Looking for a hot new set of wheels?
It's slick, it's speedy and now it's famous. Last week a car thief in the Seattle area led police on a televised high-speed chase in a 1994 Subaru SVX, according to local KOMO 4 News.
Now up on eBay, the owners hope the car's newfound celebrity and the rarity of the model will earn them a pretty penny.
Unfortunately, after the thief drove the car through several fences and up and down an area golf course, it's a little "textured," they say.
"Before the chase, it looked smooth. It was more uniformly blue," Zach Malm, who wrote the eBay ad and whose father Paul owns the car, told KOMO 4 News. "After the chase, it's more textured."
The deal comes complete with all sorts of authentic extras, and the current bid has already shot up past the $5,000 bidding price.
"As an added bonus, we'll include the actual HUGE SCREWDRIVER used to break into this vehicle," the eBay ad promises. "My father's tears are not included. ... The car is in USED condition."
— Thanks to Out There reader Ben R.
BELLEVILLE, Ill. (AP) — Demarco Cortez Whatley of East St. Louis remembered he had to pay a $500 fine at the St. Clair County courthouse.
But the 24-year-old says he forgot he had six baggies of marijuana in his pockets.
Bailiff D'Wayne Sargent says he and his colleagues discovered the marijuana when they searched Whatley after a courthouse metal detector sounded when he walked through.
They found marijuana in one of Whatley's back pockets and both front pockets.
Sargent says Whatley told them he forgot it was there.
Whatley now is charged with misdemeanor possession of marijuana. It's punishable by a $1,000 fine and up to a year in prison.
— Thanks to Out There reader Christie O.
BRIDGEPORT, Conn. (AP) — A 31-year-old man is facing burglary charges after being caught inside the Bridge Academy charter school in his underwear.
Police said they were responding to an alarm at the school at about 8:15 a.m. Sunday when they found William Hoskins apparently downloading pornography on an office computer.
A duffel bag, clothing and a wallet containing Hoskins' ID, were found on the floor nearby, along with a bucket of urine, police said.
Police said Hoskins told them he went into the school to use the bathroom.
He was held in lieu of $500 bond for an appearance in Superior Court Tuesday.
MIAMI (AP) — Once again, a python has been done in by its dinner.
After one python exploded after trying to eat an alligator, a 10-foot African rock python was apparently trapped by the turkey it ate at a nursery. The snake couldn't slither back through a fence to digest the bird.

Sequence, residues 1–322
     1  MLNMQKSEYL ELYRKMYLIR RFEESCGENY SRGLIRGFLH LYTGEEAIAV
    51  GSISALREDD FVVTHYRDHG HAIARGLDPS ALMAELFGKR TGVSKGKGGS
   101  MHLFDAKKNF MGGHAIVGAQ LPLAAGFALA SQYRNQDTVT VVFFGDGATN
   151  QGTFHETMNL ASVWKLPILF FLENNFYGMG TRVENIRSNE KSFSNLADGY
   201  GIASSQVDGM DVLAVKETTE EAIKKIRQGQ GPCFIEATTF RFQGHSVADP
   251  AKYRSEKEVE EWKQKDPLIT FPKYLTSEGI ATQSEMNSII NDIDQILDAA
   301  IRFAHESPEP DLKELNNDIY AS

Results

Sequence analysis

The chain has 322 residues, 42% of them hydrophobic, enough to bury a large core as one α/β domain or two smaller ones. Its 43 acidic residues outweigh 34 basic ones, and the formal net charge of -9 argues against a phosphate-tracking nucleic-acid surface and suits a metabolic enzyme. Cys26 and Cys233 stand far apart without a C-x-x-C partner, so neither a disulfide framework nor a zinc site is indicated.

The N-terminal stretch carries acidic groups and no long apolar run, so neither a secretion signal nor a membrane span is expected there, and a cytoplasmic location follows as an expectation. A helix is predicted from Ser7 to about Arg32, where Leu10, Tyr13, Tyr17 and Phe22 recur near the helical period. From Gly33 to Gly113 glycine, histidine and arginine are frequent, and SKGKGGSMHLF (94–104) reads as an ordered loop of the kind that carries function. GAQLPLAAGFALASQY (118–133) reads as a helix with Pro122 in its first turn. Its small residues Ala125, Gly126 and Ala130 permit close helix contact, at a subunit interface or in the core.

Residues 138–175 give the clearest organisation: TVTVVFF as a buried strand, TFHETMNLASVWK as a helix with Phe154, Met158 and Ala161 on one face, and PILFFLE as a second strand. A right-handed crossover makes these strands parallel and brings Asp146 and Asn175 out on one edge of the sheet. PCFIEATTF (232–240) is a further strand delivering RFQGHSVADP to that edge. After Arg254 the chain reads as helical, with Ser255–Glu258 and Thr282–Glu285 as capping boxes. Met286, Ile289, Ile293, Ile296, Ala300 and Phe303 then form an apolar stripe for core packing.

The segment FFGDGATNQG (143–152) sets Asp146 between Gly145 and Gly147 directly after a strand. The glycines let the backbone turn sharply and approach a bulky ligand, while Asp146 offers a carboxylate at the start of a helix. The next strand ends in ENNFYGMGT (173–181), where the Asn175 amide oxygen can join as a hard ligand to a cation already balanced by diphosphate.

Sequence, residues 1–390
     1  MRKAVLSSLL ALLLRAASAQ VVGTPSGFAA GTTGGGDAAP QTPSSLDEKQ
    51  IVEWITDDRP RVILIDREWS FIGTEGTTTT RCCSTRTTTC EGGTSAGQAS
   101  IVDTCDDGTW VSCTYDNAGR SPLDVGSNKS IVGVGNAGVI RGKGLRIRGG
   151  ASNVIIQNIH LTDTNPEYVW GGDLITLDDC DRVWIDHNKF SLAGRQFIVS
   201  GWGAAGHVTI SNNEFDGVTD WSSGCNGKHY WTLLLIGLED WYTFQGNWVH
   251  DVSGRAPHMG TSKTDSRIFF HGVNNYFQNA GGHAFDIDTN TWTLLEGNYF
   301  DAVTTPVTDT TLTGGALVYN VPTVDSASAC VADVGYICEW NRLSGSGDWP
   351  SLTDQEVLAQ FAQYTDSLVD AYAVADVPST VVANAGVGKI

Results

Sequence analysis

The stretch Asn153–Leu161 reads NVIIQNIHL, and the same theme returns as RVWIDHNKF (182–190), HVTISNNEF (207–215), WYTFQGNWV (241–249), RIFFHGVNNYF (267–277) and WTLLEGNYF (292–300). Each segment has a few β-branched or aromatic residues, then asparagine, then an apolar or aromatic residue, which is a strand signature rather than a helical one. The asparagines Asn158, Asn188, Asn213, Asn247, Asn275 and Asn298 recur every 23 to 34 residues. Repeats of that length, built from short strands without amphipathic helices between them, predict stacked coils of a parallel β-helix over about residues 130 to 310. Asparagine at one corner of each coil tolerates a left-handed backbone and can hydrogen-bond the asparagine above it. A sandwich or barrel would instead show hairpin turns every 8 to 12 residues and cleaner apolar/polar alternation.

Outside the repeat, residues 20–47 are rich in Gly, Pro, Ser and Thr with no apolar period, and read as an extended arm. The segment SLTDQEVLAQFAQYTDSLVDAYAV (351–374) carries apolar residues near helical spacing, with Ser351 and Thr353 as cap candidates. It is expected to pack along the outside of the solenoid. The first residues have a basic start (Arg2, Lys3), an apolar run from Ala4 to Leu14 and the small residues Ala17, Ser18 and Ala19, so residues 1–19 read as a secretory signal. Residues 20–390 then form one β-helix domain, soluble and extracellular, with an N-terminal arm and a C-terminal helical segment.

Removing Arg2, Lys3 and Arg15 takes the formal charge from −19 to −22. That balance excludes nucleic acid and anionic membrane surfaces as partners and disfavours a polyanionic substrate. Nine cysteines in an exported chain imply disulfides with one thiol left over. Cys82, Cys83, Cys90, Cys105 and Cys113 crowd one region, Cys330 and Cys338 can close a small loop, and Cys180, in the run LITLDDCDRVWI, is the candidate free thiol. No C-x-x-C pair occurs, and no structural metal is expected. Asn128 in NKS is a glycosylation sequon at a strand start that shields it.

Nursery owner Felix Azquz, 77, noticed one bird was missing early Monday. Then he saw the bulging snake.
"It scared me," Azquz said. "I ran outside to call the police."
The snake will be taken to a zoo, said Capt. Al Cruz of the Miami-Dade Fire Rescue antivenin unit.
Earlier this month, a 13-foot python burst as it tried to swallow a 6-foot American alligator in Everglades National Park. Neither animal survived.
On Sunday, a bulging 12-foot Burmese python was captured near the backyard of a Miami Gardens home. A snake expert said the python had eaten the homeowner's year-old Siamese cat named Frances.
SAN ANGELO, Texas (AP) — Angelo State University is getting an unusual addition to its collection of reptiles and amphibians: a two-headed rattlesnake.
Chris McAllister, a visiting professor of biology at Angelo State University in San Angelo, said he found the snake after turning over 400 to 500 rocks last month at a Christoval-area ranch, where he and students were scouring for interesting specimens.
While two-headed rat snakes and king snakes are relatively common, a two-headed rattler is not, McAllister said.
The tiny Western diamondback rattler, about as thick as an adult human finger, was less than a foot long and appeared to be a month old, he said. The heads were fused at the neck and functional, although the left head seemed to be the more dominant.
Both tongues flicked out of the mouths, and all four eyes were open, he said. Each head had a full set of fangs, but the snake didn't try to strike at him. In fact, it was lethargic and refused to eat so he euthanized it, he said.
McAllister discovered it had two hearts, two gall bladders, two tracheae and a divided liver.
"They're very important in controlling the rodent population," said McAllister, who was hospitalized for a week in 1996 after being bitten by a rattler. "They're an important part of the ecosystem."
BRANDON, S.D. (AP) — An 8-year-old girl with a big heart and loose tooth found a creative way to help people displaced by the hurricanes.
Briton Nordmeyer sent her tooth to the Red Cross chapter in Sioux Falls, hoping the tooth fairy would leave money there instead of under her pillow.
The tooth poked a hole through the envelope and fell out, but her letter made it.
And after word spread of her generosity, a $500 check came in from an anonymous donor.
Briton had told her mother she wanted to do something for the children who lost everything.
"It's really nice to help them get new food, homes, schools, toys, lots of stuff to help them," Briton said.
Compiled by FOXNews.com's Andrew Hard.
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